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HISTORIC MASONRY STRUCTURES
This program is intended for graduate and PhD students or practitioners planning to be, or already involved into building conservation and restoration, architecture history, structural design, seismic assessment, management of cultural heritage, and history of construction.
The Summer School on Historic Masonry Structures is designed to bring together researchers and scholars from the different fields of structural masonry, construction history and restoration to share their experiences on the history, design rules, construction methods and assessment tools of historic masonry structures, including vaults, domes and shells. Teaching will be in English, and it will include three main parts: course work, field-work and technical trips.
The learning programme is based on a variety of didactic approaches including lectures, research presentations by students, field-work and field trips. Being designed to last for twelve days, the course work will play the main role during the summer school. Furthermore a round-table talk will be carried out at halftime of the summer school. At the end of the programme the results of the field-work campaign will be presented by the students.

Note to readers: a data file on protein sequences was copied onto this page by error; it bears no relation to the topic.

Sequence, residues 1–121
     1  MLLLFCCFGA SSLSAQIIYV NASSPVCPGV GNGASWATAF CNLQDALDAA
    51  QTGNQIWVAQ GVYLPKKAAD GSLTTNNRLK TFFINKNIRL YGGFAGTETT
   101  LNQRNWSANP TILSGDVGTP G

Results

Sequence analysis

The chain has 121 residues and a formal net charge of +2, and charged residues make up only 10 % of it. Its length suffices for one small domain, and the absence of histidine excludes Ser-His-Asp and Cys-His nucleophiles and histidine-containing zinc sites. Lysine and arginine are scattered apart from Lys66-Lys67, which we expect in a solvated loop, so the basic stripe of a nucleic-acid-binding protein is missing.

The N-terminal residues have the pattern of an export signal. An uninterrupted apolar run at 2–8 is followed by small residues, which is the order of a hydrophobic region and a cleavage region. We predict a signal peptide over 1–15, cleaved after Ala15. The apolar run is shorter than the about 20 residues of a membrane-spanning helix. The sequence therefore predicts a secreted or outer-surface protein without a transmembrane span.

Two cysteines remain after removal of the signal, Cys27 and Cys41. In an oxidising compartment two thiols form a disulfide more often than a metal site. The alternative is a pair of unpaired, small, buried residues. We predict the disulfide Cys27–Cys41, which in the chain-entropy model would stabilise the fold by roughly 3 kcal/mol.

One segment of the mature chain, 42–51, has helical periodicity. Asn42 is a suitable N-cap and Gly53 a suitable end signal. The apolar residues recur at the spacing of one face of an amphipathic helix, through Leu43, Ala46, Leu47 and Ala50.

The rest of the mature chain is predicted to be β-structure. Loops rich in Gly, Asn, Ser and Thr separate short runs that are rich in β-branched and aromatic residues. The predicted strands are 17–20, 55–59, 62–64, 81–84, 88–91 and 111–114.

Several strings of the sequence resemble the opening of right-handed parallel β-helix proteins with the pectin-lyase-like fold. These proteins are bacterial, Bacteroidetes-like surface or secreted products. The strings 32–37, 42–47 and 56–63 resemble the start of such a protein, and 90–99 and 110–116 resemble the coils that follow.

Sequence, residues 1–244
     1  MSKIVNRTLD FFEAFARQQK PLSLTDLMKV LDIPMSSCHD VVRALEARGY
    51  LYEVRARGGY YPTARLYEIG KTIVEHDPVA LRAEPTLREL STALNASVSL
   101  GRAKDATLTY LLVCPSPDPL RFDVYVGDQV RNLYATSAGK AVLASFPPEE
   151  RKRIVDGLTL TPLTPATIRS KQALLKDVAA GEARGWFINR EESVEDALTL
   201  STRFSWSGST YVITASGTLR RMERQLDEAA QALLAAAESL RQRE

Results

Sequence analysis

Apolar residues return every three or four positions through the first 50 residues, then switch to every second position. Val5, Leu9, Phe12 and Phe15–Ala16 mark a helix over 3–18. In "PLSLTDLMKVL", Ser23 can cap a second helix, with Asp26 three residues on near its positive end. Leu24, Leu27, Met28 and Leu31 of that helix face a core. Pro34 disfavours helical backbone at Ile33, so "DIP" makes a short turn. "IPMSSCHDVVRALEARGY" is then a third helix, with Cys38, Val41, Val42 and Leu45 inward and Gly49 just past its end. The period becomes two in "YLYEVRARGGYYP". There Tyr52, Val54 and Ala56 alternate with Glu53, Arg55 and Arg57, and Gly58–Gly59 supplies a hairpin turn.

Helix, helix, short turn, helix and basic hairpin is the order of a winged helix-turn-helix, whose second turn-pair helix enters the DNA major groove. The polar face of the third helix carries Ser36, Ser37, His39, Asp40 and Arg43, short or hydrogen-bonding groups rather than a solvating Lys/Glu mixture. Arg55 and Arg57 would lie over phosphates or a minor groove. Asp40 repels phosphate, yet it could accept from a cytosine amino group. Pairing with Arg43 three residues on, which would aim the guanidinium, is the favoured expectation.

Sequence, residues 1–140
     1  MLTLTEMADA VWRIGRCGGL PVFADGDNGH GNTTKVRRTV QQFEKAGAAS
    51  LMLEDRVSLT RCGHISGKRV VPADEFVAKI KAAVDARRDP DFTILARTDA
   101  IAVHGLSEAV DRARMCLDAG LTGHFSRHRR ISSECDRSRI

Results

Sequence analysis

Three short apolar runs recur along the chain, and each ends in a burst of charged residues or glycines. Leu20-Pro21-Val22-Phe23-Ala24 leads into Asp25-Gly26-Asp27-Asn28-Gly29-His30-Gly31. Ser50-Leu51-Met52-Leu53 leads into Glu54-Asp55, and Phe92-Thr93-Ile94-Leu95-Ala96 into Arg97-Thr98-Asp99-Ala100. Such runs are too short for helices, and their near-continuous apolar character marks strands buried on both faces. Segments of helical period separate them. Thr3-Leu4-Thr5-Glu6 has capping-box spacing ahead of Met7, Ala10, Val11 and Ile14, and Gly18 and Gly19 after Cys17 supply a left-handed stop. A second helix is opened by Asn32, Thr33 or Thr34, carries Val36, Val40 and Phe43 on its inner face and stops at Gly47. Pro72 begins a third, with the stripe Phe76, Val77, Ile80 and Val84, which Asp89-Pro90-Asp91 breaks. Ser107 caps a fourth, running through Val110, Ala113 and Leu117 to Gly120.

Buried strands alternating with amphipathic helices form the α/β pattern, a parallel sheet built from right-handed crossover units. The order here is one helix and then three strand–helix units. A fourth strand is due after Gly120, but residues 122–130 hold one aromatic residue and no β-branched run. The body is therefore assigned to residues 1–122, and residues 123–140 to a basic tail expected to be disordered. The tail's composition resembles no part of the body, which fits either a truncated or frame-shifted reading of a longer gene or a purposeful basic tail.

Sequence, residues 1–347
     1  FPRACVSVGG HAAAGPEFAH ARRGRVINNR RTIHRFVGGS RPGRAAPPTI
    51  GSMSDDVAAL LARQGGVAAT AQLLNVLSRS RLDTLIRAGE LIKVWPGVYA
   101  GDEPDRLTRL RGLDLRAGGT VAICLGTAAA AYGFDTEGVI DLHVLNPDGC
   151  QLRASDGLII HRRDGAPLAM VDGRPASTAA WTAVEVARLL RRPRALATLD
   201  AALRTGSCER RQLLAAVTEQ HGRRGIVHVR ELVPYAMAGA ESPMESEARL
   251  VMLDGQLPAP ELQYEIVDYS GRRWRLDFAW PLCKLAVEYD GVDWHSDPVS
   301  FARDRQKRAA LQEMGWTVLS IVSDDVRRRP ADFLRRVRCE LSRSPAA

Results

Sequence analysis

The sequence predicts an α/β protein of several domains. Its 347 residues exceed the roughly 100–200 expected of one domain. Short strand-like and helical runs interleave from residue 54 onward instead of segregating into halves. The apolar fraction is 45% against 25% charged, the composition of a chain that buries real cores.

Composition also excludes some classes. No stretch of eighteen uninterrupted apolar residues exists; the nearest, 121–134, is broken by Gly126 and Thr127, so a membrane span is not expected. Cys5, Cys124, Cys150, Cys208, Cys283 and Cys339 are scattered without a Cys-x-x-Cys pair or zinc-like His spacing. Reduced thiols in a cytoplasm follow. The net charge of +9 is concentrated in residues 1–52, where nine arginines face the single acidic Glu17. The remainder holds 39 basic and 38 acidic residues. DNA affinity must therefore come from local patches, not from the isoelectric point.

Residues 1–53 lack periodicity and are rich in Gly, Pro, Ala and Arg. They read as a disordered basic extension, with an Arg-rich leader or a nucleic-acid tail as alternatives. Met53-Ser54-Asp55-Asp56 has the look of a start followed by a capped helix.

Several days will end with a keynote lecture dealing with specific problems from the practical or theoretical work of one of the teachers or PhD students.
Course days will stand under a general theme and are planned to be formed by morning and afternoon sessions. The morning sessions are devoted to introductory lectures delivered by experts in ancient masonry structures and will therefore take the form of ‘master classes’. Each lecture will last for about an hour, allowing enough time for discussion.
The afternoon sessiones will be occupied by workshops, some of which will be exploratory and allow students to question and develop their understanding. Others will have seminar character, with groups of students giving presentations about selected case studies in the range of the day’s main theme.
During the field-work days, students will be asked to analyse some historic masonry constructions in the city of Segovia.
First, students will document the actual state of preservation using traditional survey and drawing techniques as well as a variety of digital instruments. Collected data will be afterwards used to analyse the structural behaviour of a masonry structure as well as to assess its safety level – thus, detect possible defects and propose suitable repairs and strengthening methodologies.
This work will be supplemented by documentary sources to support students in their individual understanding of the structural behaviour of vaults and domes in existing structures.
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